Hodgkin and Huxley modeled the sodium and potassium gates as
where and are called activation variables and is an inactivation variable which all satisfy the first order Φ kinetics that tell us
where for each ion c
Further, the coefficient functions, α and β for each variable required data fits, such as , as functions of voltage. We will not list the rest here as we do not need that level of detail. Of course these data fits were obtained at a certain temperature and assumed values for all the other constants needed and so they need to be altered if the temperature and ionic concentrations change. Our model of the membrane dynamics here thus consists of the following differential equations:
We note that at equilibrium there is no current across the membrane. Hence, the sodium and potassium currents are zero and the activation and inactivation variables should achieve their steady state values which would be m _{ ∞ }, h _{ ∞ } and n _{ ∞ } computed at the equilibrium membrane potential which is here denoted by V _{0}.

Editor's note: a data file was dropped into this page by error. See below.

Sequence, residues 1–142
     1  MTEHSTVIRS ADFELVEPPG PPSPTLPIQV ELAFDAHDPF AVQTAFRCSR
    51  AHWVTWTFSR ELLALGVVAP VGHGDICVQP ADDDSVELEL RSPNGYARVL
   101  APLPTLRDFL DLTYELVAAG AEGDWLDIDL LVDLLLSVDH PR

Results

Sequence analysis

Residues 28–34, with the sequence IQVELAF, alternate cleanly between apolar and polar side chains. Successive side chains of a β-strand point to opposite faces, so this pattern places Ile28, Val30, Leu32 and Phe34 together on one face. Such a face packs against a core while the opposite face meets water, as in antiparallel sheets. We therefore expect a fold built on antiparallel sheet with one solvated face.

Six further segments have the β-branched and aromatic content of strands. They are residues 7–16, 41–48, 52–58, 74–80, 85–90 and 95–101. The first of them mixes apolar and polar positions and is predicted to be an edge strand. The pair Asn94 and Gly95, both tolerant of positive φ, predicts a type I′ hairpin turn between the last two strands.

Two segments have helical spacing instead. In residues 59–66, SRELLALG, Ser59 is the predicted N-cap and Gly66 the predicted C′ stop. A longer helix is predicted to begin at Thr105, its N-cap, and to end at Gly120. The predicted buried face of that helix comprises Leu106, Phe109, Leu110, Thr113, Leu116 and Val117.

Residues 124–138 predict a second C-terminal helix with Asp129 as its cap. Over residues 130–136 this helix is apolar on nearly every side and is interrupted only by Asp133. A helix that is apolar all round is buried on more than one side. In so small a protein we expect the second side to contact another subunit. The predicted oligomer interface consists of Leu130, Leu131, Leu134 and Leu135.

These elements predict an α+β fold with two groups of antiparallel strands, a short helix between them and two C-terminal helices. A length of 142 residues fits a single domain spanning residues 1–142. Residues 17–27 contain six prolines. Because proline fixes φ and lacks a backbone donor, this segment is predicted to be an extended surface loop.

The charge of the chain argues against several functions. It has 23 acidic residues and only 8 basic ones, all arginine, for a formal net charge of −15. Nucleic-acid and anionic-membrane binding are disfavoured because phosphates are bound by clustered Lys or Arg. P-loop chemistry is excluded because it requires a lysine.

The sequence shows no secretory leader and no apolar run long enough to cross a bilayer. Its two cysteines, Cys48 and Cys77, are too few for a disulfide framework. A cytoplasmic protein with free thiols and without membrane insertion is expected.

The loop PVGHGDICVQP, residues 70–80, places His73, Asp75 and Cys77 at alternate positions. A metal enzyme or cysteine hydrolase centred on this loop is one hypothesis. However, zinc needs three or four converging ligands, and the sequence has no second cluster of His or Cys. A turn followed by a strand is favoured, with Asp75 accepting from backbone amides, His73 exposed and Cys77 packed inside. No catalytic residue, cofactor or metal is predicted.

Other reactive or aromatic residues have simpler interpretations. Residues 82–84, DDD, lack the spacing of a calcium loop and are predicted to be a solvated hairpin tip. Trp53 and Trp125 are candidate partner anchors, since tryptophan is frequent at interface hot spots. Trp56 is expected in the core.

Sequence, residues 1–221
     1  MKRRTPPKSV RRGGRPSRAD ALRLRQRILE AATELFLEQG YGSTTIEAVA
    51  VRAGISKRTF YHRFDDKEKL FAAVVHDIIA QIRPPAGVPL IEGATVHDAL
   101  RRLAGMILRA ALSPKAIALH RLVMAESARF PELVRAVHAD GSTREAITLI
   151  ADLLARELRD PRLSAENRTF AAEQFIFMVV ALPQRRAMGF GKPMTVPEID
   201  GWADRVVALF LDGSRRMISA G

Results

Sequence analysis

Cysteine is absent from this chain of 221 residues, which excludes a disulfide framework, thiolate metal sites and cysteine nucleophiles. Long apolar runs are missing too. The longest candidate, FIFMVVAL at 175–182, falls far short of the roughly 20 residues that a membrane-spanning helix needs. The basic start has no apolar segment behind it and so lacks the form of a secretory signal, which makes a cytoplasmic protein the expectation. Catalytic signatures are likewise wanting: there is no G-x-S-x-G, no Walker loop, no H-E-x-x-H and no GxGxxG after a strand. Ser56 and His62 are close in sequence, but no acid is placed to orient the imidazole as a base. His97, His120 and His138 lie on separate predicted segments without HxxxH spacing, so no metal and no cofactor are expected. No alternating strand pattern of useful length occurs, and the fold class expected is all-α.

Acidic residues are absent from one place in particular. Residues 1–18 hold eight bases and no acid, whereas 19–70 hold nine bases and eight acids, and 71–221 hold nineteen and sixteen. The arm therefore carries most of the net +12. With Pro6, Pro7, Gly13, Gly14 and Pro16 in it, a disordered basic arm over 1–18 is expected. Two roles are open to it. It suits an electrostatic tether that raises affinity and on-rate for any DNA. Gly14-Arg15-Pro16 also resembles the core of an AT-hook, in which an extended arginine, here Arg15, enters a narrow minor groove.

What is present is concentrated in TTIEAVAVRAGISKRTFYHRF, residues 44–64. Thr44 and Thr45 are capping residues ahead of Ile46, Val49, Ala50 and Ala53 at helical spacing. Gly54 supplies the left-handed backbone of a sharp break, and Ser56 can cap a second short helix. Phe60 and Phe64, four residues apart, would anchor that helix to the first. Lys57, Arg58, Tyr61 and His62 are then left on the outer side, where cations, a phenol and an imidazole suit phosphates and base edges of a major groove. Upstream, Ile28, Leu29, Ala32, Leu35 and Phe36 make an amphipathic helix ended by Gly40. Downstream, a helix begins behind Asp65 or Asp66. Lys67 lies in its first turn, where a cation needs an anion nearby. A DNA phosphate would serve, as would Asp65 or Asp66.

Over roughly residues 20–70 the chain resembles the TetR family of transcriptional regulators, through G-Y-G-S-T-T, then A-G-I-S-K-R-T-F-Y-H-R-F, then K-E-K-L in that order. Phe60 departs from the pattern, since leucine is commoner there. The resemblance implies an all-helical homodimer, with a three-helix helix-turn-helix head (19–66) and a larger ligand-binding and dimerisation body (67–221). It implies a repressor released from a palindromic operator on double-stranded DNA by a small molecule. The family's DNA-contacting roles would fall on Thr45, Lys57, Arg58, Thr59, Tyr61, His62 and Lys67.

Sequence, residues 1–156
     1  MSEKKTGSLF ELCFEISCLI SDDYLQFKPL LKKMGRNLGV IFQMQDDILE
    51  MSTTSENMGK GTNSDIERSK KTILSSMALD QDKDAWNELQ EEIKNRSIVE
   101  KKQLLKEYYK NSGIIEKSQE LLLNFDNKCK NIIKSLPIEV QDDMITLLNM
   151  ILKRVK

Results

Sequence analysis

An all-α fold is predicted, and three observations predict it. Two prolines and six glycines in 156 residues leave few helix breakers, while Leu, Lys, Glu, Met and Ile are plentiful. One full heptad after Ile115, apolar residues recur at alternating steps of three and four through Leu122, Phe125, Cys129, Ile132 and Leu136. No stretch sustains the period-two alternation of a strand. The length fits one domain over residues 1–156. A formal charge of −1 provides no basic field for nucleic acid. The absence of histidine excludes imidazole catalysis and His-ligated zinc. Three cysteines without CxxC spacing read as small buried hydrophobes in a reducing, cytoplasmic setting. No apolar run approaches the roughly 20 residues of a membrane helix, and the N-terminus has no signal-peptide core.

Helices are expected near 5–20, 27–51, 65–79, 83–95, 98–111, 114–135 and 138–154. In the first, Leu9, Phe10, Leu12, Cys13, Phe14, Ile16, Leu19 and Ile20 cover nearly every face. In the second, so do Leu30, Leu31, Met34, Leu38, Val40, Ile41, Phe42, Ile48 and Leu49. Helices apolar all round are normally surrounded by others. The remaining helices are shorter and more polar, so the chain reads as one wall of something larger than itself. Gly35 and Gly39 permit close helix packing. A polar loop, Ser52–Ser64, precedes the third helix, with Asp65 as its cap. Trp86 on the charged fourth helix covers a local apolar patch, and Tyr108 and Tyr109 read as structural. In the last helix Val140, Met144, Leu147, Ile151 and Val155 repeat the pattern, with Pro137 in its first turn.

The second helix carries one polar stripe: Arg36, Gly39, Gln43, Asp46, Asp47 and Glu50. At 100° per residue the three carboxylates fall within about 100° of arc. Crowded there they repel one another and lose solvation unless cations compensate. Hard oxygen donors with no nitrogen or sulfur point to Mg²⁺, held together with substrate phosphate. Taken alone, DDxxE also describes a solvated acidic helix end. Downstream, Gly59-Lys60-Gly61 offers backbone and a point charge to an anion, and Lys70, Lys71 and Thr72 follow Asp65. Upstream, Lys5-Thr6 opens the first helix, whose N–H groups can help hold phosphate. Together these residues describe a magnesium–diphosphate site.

At this point, we see a general model of how to generate an action potential. We do not model the transmission of the action potential to its target neurons; suffice it to say, there are molecular mechanisms that send the pulse to its targets without change. At the interface to the target neuron called the synapse, the incoming voltage pulse generates a Ca ^{+2} current which in turn generates discrete packets of neurotransmitter which are released for processing by the target neurons dendritic subsystem. Note the signal transduction pathway here: the axonal voltage pulse is converted into a discrete release of molecules which bind with the dendritic arbor and thereby shape the next axonal pulse in very nonlinear ways. We are also not interested here in how information might be encoded in collections of axonal spikes. Our interest at the moment is in the low level bones. In general, we separate the effects of these triggers into two classes: first messengers which are essentially voltage activated gates and second messengers which enter through the membrane and initiate a protein transcription event which can rebuild the actual hardware of the cell. An abstract analysis of such a trigger event is presented in (Peterson 2014a) in order to build trigger approximations. Here, we will primarily be interested in second messengers which are neurotransmitters even though the triggers can be more general. There is a vast literature on signaling in a biological neural system and we will point you to just a few relevant sources. We prefer papers and texts that help us understand an overarching theory of the signaling process. Most of these sources are actually fairly old but are full of the technical detail needed to understand the processes being studied. In particular, the use of mathematical points of view is not shied away from and newer references tend to downplay that point of view. Two basic and very useful texts on signaling are (Gerhart and Kirschner 1997) and (Wilkins 2002) which look at these ideas very theoretically. Two other very good resources for this material are (Hille 1992) and (Bray 1998). Bray’s paper is very important and is very useful when you try to understand signaling principles; again, the material is not really dated and it is worth a strong push towards assimilating its ideas. Remember that understanding signaling principles allows us to see how to build reasonable approximations. The paper (Sneppen et al. 2010) is really about protein networks but it has lots of good advice about how to approximate complicated biophysics and then glue together the models into systems. A good overview of how neurons work together to generate high level behavior (which we do not really understand) can be found in (Roberts et al. 2010) which will help you see Black’s points discussed in the next section again phrased in terms of what we currently understand. There is a lot of combinatorial complexity here too and modeling that is hard. Even 4 things taken 2 at a time at each node leads to incredible explosions of computation. A really interesting article on dealing with that is found in (Borisov et al. 2006) which is well worth a read. Another look at the notion of discrete synaptic states and resulting computational complexity is in (Montgomery and Madison 2004) and (HarrisWarrick and Johnson 2010). With all this said, for simplicity, let’s look now at the class of catecholamine neurotransmitters in the nervous system. We will focus on only a few types: DA, dopamine; NE, norepinephrine; and E, epinephrine and lump them together into the category called CAs because they all share a common core biochemical structure, the catechol group.